What it boils down to is this: every GM should know how to introduce a new player to their existing game. In this last post on my series of introducing new players to your game, I’m going to discuss ways of introducing that new player’s character to your game.

Adding a new character

There are two main types issues to deal with when adding a new PC to your currently running game:

  • in-character
  • out-of-character


Out-of-character issues deal primarily with bringing the new player up to speed with your campaign and making sure she has the information she needs to play. If your game has a website or wiki, that’s a big help to a new player, who can then go and familiarize herself with crucial campaign information.

If you don’t have an on-line campaign presence, this would be a good time to consider creating one. Probably the best known wiki space for RPGs is Obsidian Portal, for good reason. This site allows you to set up a one-stop campaign information site for your game, including PC and NPC lists, items, and other information you players should know.

Make sure your new player has information about any house rules or table rules you use. Also include any social contracts, group charters, or game traditions your group has. If the group has a social charter or contract, get your new player a copy of it in writing and have her sign it to show her agreement to abide by it. This may seem unnecessary, but it could help avoid conflicts later down the road.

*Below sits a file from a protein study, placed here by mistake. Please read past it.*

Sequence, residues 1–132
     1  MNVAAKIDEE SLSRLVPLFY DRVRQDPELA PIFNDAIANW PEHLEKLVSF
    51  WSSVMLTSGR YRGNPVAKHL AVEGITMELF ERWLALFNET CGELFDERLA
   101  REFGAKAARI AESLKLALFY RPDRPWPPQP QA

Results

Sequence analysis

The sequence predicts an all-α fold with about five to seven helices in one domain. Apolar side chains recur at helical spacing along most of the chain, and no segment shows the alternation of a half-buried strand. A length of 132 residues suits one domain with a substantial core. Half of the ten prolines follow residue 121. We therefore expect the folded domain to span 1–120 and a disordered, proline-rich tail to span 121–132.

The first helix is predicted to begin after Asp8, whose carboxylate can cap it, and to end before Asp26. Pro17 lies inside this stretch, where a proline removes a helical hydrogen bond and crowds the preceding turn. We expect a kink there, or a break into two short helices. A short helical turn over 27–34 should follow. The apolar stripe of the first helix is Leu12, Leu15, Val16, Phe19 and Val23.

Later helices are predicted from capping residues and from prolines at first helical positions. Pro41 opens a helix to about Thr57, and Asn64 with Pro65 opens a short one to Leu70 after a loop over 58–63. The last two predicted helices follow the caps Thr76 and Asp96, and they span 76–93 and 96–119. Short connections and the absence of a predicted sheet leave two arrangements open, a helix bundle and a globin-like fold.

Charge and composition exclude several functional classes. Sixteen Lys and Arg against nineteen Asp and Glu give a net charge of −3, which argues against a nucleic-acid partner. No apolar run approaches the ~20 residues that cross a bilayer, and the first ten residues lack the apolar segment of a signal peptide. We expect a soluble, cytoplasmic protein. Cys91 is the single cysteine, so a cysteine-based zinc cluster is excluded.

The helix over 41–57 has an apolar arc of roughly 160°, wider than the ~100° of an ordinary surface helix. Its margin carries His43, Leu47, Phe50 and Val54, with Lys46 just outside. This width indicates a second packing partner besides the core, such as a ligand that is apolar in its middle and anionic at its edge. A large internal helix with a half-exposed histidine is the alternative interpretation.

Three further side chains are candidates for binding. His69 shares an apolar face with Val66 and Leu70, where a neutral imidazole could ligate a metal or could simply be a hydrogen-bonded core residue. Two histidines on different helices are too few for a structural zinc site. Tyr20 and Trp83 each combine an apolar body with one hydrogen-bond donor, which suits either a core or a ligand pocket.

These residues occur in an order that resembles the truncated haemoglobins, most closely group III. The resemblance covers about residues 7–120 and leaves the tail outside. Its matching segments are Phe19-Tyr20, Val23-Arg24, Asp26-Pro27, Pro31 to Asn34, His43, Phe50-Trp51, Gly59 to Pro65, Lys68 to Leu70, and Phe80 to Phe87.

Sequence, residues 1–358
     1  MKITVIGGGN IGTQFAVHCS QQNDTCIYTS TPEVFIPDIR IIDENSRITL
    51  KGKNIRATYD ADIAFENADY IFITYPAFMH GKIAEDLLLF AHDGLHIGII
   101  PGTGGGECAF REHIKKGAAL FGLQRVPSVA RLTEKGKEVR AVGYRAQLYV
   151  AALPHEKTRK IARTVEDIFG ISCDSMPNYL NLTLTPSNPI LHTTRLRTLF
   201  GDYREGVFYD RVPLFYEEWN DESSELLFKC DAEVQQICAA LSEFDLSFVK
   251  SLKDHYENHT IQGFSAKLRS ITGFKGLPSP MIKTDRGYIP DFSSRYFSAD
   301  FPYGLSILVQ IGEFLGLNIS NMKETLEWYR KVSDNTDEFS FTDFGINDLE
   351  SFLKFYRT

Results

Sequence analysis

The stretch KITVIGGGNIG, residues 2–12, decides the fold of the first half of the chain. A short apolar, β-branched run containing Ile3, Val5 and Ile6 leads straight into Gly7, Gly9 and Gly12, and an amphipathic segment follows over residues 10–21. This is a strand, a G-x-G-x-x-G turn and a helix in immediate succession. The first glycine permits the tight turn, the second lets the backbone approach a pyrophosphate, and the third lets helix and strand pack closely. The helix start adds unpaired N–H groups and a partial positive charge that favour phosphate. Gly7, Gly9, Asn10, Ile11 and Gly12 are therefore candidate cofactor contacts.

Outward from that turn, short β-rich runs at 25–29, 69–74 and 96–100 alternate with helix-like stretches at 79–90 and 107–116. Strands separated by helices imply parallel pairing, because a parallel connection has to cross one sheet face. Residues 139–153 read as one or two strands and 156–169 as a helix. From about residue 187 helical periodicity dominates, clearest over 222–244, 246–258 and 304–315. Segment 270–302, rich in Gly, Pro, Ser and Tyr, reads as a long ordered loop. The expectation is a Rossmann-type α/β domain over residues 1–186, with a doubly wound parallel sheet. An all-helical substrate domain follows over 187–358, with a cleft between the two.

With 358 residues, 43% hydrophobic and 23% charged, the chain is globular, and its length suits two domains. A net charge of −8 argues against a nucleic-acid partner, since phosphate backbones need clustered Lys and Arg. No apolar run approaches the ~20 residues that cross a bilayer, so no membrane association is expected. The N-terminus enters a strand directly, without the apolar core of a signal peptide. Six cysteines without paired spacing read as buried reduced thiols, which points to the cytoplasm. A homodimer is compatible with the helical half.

Finally, make sure you have your new player’s name and contact information. It seems obvious, but it’s very easy to overlook this step in the bustle of getting her settled into your game. At a minimum, get her full name and favorite way to be contacted, whether by phone or email, as well as a way to reach her for last-minute schedule changes.


Before the new player can join your game, he has to have a character. Ask him about his character idea before he sits down to actually create it. That way you can head off an idea that just won’t fit your game from the very beginning. Make sure his idea will work with your existing PCs and will be a good addition to the campaign as a whole. Don’t be afraid to tweak a player’s idea to make it fit better, or even to say “no” outright to an idea that simply won’t work. Resist the temptation to tweak your game to fit the new player.

Don’t penalize your new PC. Let him start at a similar power level to the rest of the group. Many GMs like to start a new PC one level below the current PCs and this can work very well. Consider letting your current players to tweak their characters to better include the new PC. For example, if the new character is a rogue, consider allowing the group’s bard to shift some of his lock-picking skill points to a performance or social skill. That way, each character can shine in his own area and the two of them won’t be stepping on each others’ toes so much.

Get your group’s input on how to work the new character into the game. There are as many ways as there are players and games in the world. You might make the new character a relative¬† of one of the existing PCs, for example. Or you might have the party rescue him from jail. However you decide to do it, ask your players for suggestions. Making this a group effort gives the current players a stake in welcoming the “new guy”.

Other posts in this series: